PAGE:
Oct. 24 (UPI) -- New research suggests volcanic eruptions can trigger periods of rapid ice sheet melting.
Researchers surveyed evidence of melting among ice cores and meltwater deposits, and compared their findings to a timeline of ancient volcanic eruptions between 12,000 to 13,000 years ago. Their analysis revealed a connection between the two phenomena.
"Over a time span of 1,000 years, we found that volcanic eruptions generally correspond with enhanced ice sheet melting within a year or so," Francesco Muschitiello, a postdoctoral researcher at Columbia University's Lamont-Doherty Earth Observatory, said in a news release.
The volcanoes of note weren't situated next-door, but thousands of miles from the ice sheet, a reminder of the unexpected global impacts of volcanic activity.
The new research -- detailed this week in the journal Nature Communications -- suggests ash ejected into the atmosphere by erupting volcanoes can be deposited thousands of miles away. When it's deposited on ice sheets, the dark particles cause the ice to absorb more thermal energy and accelerate melting.
Ancient glacial varves, layers of sediment deposited by glacial meltwater, helped scientists document periods of accelerated melting at the end of the last ice age. Like a hearty tree rings reveal periods of intense growth, thicker varve layers indicate increased periods of melting. Researchers matched varve layers with ice core layers, which can reveal ancient atmospheric conditions.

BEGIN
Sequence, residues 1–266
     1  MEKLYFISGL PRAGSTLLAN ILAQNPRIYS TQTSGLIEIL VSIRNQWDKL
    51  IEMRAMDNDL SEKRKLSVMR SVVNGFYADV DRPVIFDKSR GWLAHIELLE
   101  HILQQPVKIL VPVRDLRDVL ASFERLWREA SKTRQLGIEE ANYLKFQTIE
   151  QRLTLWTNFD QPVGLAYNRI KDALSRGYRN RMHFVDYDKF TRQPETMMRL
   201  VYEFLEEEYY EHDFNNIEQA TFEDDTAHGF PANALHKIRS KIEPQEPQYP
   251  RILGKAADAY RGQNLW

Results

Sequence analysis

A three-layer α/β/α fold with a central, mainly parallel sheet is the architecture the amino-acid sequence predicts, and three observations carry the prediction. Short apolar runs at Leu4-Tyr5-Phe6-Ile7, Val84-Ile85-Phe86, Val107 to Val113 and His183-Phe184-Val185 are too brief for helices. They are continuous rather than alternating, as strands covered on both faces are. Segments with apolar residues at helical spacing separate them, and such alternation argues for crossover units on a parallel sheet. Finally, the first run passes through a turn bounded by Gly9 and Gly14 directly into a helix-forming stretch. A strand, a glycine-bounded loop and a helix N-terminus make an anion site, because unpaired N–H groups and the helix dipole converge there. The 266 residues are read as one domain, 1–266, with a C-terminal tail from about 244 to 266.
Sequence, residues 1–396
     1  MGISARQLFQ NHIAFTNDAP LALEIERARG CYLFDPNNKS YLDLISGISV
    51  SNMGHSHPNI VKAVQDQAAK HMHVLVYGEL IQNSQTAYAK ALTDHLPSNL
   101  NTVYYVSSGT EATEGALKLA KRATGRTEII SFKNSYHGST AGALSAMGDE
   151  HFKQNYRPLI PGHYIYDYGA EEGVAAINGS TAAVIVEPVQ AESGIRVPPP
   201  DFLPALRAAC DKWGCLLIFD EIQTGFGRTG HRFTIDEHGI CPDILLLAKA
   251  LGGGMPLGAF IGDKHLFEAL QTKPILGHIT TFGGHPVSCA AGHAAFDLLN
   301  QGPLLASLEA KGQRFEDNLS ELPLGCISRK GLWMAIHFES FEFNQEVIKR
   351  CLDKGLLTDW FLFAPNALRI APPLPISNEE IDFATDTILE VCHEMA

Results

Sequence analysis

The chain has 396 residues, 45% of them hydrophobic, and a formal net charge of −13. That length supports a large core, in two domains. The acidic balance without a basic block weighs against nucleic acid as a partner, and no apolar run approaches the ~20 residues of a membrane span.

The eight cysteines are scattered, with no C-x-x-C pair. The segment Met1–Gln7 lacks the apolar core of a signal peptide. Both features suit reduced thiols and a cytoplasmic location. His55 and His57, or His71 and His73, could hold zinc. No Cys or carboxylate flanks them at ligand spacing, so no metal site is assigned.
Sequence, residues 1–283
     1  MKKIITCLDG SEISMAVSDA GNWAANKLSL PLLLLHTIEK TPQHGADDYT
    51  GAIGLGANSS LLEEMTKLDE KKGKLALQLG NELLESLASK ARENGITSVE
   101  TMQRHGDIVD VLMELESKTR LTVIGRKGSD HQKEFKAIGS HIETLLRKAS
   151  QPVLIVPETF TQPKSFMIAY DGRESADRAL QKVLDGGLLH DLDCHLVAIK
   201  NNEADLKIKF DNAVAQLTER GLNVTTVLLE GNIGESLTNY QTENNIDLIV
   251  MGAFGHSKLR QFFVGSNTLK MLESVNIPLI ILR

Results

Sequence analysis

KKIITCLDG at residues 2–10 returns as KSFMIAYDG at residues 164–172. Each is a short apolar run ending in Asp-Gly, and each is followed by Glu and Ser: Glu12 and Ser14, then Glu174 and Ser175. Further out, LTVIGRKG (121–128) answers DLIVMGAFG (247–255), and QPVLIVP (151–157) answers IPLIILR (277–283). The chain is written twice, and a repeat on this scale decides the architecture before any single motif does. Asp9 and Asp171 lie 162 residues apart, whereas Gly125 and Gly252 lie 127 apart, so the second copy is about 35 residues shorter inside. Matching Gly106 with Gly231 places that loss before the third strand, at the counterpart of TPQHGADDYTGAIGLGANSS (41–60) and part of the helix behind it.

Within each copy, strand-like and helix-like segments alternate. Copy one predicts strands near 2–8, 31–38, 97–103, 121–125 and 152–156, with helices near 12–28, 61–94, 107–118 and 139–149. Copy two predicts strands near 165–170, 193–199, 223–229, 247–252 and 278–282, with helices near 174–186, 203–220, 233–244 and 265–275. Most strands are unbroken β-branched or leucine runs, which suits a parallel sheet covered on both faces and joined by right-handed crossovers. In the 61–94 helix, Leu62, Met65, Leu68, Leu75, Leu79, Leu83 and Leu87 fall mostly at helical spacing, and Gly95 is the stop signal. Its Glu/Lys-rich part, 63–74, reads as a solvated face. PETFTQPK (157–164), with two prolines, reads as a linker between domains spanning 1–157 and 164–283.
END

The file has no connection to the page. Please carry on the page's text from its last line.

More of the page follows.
The data helped scientists build a computer model to better predict how much melting a single volcanic eruption could cause. As expected, simulations proved a volcano's impact on melting is dependent on a variety of factors, including the snowpack, weather patterns, ice thickness and more.
"Change any one of these and you would get different amounts of melt," said James Lea, a glaciologist at the University of Liverpool.
In the worst case scenario, researchers predicted a volcanic eruption in the northern latitudes could removed between 20 centimeters to one meter of ice, or several inches to a few feet.
Until recently, volcanic eruptions were mostly linked with broad cooling effects on the planet's climate, as thick layers of ash can partially block out the sun for months or years. Particulate matter also encourages cloud formation, further shadowing Earth's surface.
But a number of studies suggests a more complicated story -- a combination of warming and cooling mechanisms.
Some scientists have even suggested melting encouraged by volcanic eruptions could trigger even more eruptions, a positive feedback loop. As glaciers and ice sheets melt, pressure is relieved from the planet's crust, allowing magma to rise to the surface.